Today’s Cubs Birthdays (June 14)

    By Rick Kaempfer
    In Today's Cub Birthday
    Jun 14th, 2018
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    ~Hal Manders 1917 (Cubs 1946)
    Hal pitched for the Tigers before being drafted into military service during World War II. When he returned, he pitched briefly for them again before being sent off to the team they beat in the previous year’s World Series. He got one start in September for the Cubs and was hit pretty hard. It was his last hurrah in baseball. In all, Manders pitched three seasons in the big leagues, which under normal circumstances would have given him bragging rights at family gatherings. Unfortunately for Hal, his cousin was Bob Feller.

    ~Jerry Spradlin 1967 (Cubs 2000)
    Spradlin was a journeyman righthander who lasted seven big league seasons, including his last one with the Cubs in 2000. He appeared in eight games and was rocked hard (15 ERs in 15 innings). The Cubs released him after the season, and he never pitched in the big leagues again. Spradlin’s career highlight probably came on July 22, 1999 when he struck out four San Diego Padres in one inning (as a member of the Giants). He is one of only seventy pitchers in big league history to pull off that feat.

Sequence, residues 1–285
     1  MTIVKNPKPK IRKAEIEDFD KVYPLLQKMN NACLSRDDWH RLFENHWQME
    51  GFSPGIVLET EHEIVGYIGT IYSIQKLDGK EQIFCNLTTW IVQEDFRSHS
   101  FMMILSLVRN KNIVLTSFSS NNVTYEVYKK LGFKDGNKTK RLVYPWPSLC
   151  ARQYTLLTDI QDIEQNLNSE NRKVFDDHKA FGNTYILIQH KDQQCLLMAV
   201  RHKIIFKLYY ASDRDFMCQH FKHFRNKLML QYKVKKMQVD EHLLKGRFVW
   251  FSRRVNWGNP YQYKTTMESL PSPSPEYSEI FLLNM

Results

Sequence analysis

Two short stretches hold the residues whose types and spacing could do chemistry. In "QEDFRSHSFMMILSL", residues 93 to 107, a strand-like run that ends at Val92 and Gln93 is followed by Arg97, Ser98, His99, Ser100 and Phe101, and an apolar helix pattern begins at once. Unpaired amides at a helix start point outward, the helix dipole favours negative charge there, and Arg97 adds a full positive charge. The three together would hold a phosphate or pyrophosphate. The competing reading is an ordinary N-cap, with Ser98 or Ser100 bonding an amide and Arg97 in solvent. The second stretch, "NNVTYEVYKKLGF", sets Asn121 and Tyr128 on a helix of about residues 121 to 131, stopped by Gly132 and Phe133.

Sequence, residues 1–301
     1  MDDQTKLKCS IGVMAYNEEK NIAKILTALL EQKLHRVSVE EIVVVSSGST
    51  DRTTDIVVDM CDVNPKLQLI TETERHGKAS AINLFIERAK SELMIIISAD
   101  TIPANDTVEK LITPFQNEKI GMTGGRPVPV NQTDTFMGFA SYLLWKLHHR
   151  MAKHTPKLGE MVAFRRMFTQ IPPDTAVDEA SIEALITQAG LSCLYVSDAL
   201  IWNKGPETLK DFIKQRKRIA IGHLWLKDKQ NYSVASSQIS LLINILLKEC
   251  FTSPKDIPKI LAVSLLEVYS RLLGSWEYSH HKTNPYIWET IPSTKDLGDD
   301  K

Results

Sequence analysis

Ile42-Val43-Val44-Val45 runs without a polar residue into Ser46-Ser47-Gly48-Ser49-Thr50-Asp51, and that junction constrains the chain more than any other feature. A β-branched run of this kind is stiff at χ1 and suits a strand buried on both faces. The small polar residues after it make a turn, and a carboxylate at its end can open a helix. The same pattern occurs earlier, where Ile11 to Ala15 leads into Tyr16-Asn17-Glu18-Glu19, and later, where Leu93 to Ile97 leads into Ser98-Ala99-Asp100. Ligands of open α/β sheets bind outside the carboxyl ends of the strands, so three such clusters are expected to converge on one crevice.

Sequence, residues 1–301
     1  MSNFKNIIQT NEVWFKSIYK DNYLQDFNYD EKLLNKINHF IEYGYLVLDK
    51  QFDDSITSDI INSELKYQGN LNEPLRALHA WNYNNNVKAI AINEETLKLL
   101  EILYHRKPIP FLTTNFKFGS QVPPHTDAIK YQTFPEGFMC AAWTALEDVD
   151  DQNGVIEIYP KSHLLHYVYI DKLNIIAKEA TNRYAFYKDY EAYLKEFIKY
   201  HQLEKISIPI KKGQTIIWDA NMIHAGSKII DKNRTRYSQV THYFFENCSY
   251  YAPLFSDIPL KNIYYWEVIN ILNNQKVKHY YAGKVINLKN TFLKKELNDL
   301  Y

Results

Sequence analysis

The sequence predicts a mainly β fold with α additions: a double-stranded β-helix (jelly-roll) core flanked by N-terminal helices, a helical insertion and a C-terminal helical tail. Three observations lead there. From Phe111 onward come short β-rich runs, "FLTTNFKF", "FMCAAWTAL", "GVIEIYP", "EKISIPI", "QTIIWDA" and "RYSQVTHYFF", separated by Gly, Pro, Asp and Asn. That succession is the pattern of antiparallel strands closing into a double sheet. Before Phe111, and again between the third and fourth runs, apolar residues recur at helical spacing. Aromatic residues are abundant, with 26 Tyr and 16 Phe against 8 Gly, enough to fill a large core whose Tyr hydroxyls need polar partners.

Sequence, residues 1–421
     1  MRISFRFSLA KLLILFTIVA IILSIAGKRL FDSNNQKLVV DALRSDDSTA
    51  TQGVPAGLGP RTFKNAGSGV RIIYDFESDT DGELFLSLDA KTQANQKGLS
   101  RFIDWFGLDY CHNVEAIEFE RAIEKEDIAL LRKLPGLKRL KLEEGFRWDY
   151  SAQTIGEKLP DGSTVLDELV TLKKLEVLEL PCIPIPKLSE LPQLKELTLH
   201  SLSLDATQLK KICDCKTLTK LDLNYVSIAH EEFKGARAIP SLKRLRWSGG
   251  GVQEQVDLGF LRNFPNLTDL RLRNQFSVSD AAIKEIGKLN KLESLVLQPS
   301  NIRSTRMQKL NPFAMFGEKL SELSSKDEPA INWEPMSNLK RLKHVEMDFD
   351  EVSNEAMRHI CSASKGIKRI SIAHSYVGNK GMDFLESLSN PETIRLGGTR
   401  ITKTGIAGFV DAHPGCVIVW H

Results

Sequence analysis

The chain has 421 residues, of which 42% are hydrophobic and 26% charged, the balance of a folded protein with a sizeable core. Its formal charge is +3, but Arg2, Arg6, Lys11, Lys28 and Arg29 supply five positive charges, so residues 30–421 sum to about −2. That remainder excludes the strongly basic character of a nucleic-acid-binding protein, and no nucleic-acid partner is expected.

~Bud Hardin 1922 (Cubs 1952)
    A veteran of World War II, Hardin made the club out of spring training as a 29-year-old rookie 2B/SS. He backed up Roy Smalley and Eddie Miskus for a few weeks before being sent back down the minors. Hardin appeared in a grand total of three Cubs games, and registered one hit. He played in the minors until he was 35 years old.

    ~Doc Parker 1872 (Colts 1893-1896)
    Parker only appeared in 18 games for Chicago, but they were in three different seasons. He was a pitcher by trade, but he wasn’t a particluarly good one. His lifetime ERA was 5.90, and that was in the deadest of deadball eras. On the other hand, he was a pretty good hitting pitcher. His lifetime batting average was .274. The Cubs (then known as the Colts) even tried him in the outfield one game to take advantage of his bat. Doc later became a big league umpire.

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